SISTER is an often touching, sometimes funny story about a pair of castaways and the moral awakening that brings them together and shows the director Ms. Ursula Meier under the influence of the Belgian filmmaking brothers Jean-Pierre and Luc Dardenne. (Even “Sister,” the English-language title of the movie, which was originally called “L’Enfant d’en Haut” or “The Child From Above,” evokes Dardenne films like “L’Enfant” and “The Son.”). The Ursula Meier’s French-Swiss co-production Sister, is Switzerland’s official submission for Oscar Best Foreign-Language film consideration.
Simon (Kacey Mottet Klein) lives with his older sister (Léa Seydoux) in a housing complex below a luxury Swiss ski resort, where he ekes out a living picking off relaxing resort-goers from coat pocket to backpack, emptying them of money, gear and food. Every day, he sneaks up on to the slopes and in between these minor raids walks off with expensive skis that have been nonchalantly set aside by their owners who live up in this high, rarefied atmosphere of wealth. No one notices him because he looks so innocuous, as tiny and near-invisible as one of the birds pecking at table crumbs, and because he constantly changes his wardrobe with newly pilfered items. Then he sells it to buy food for himself and the jobless Louise (Léa Seydoux), who tells various boyfriends that this kid brother of hers is only staying temporarily. Simon and Louise are bound together by ties of shame, guilt and fear, and Simon’s thieving is a pathetic attempt to buy love; he is a breadwinner of sorts but his stealing is also a kind of compulsion that he cannot understand, still less control.
Simon has his stealing down to a science (until unforeseen circumstances). He knows where and when to find the goods to steal and has a system that lets him transport the booty down to the valley, where he sells his haul to mostly young, returning customers. With his sister drifting in and out of jobs and relationships, twelve-year-old Simon takes on the responsibility of providing for the two of them. He is able to keep their little family afloat with his small-time hustles and his sister is thankful for the money he brings in. But, when Simon partners with a crooked British seasonal worker, he begins to lose his boundaries, affecting his relationship with his sister and plummeting him into dangerous territory.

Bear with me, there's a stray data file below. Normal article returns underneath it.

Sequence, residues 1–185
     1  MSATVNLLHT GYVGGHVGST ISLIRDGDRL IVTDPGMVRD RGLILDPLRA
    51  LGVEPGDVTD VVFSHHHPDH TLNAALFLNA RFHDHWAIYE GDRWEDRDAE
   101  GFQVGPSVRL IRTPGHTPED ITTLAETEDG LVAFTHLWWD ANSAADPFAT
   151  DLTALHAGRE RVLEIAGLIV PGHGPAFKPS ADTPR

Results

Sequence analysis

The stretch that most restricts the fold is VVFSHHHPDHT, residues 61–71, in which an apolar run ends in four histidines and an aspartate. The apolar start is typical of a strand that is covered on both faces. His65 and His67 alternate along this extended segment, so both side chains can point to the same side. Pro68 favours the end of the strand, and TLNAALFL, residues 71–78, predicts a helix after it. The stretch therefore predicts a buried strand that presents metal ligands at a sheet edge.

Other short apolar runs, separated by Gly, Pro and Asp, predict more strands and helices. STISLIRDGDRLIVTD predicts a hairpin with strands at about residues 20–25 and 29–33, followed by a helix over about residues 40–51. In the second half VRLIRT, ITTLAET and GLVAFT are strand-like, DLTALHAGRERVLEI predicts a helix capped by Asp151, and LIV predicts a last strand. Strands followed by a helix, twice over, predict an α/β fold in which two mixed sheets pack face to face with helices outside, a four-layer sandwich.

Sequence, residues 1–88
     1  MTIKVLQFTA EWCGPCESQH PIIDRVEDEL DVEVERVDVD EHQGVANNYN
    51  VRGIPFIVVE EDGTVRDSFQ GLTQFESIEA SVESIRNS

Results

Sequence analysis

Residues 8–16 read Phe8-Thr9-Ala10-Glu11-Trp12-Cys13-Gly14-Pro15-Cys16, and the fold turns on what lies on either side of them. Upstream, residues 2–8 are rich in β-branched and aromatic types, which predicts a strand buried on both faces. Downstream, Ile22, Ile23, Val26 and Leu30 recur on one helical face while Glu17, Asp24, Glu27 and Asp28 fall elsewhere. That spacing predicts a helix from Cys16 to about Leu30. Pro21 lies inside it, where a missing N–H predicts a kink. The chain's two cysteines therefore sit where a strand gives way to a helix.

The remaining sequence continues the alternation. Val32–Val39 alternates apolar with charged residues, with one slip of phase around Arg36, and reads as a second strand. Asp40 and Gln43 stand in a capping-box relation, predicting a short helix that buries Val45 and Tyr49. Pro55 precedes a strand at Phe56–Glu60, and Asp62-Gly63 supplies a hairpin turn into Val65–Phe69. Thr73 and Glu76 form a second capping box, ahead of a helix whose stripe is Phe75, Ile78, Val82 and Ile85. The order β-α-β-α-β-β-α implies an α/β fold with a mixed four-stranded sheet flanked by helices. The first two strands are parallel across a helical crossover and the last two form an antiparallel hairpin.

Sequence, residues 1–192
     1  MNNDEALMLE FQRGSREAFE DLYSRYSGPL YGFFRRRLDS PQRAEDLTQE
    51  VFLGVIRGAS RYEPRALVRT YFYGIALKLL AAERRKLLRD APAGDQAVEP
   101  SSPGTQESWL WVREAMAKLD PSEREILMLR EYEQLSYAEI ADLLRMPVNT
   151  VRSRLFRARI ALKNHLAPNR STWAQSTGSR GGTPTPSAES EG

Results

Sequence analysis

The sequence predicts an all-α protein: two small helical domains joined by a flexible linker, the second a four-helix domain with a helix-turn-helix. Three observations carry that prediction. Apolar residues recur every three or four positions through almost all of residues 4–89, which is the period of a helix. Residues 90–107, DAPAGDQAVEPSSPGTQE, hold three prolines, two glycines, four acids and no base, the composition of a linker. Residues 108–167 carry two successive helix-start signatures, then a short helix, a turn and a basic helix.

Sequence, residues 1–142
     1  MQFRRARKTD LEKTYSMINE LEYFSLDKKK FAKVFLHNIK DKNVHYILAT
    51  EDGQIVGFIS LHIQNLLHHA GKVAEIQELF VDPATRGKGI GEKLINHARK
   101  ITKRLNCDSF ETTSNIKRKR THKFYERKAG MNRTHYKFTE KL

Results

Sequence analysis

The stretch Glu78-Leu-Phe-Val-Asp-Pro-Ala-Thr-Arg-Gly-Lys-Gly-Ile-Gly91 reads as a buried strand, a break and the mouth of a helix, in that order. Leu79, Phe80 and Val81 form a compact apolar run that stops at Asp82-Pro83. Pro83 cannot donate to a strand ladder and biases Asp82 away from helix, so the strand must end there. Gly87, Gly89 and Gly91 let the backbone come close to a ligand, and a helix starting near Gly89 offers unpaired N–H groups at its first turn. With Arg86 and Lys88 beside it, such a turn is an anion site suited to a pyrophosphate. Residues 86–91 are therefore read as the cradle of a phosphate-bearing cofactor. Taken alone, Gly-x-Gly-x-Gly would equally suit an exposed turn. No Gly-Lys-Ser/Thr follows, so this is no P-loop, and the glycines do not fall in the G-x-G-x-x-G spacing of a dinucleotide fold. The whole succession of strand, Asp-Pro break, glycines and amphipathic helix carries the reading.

Louise tolerates the petty crimes, as she’s otherwise focused and soon takes off with Bruno (Yann Tregouet), another loser who has nothing more to offer than a snazzy BMW. It’s Christmas, but Louise has no problem leaving Simon on his own, even as it’s soon revealed that she is actually his mother. Her assurance to him is that he’s still with her even though everyone else wanted her to give him up.
Bruno dumps Louise, the mother and child bond, Simon runs into trouble with resort kitchen helper Mike (Martin Compston) and the chef himself (Jean-François Stevenin), but for vacationers all ends well, if not for the folks below. By then, the snow has melted, and Simon’s season on high is over. Sister offers several reasons why the boy can’t or won’t return to ski-resort robbery next winter. But the movie also quietly suggests that, whatever he does, Simon will always be the boy from down below, boldly impersonating someone born to the heights.
The second feature by director and co-writer Ursula Meier, who grew up in a nearby region of France, Sister is more naturalistic than her feature film debut, Home. But it explores similar themes, including eccentric family dynamics and life on the margins of European society. Simon and Louise embody poverty and unhappiness in the midst of affluence and contentment. Although Louise eventually becomes more central to the story, the focus remains on the character played by Klein (who also had a role in Home). In fact, Louise isn’t mentioned in the film’s original title, L’Enfant d’en haut — “the child from on high.” Winner of a Silver Bear at the 2012 Berlin Film Festival, Sister is most memorable for its performances, especially Lea Seydoux’s who is in an amazing stretch from her previous role as the subdued reader of Farewell, My Queen.
The movie was expertly photographed with handheld camera by Agnes Godard, who shot Home and many of Claire Denis’ films. The crisp editing is by Nelly Quettier, another frequent Denis collaborator. The minimalist synth-and-guitar score was composed and played by John Parish; the voice of his frequent musical partner, P.J. Harvey, enters for the end-credits song.
Directed by Ursula Meier; written by Antoine Jaccoud and Ms. Meier; director of photography, Agnès Godard; edited by Nelly Quettier; music by John Parish; set design by Ivan Niclass; costumes by Anna van Brée; produced by Denis Freyd and Ruth Waldburger; released by Adopt Films. In French, with English subtitles. Running time: 1 hour 37 minutes. This film is not rated.
WITH: Léa Seydoux (Louise), Kacey Mottet Klein (Simon), Martin Compston (Mike), Gillian Anderson (the English Lady), Jean-François Stévenin (the Chef), Yann Trégouët (Bruno), Gabin Lefebvre (Marcus), Dilon Ademi (Dilon) and Magne-Havard Brekke (the Violent Skier).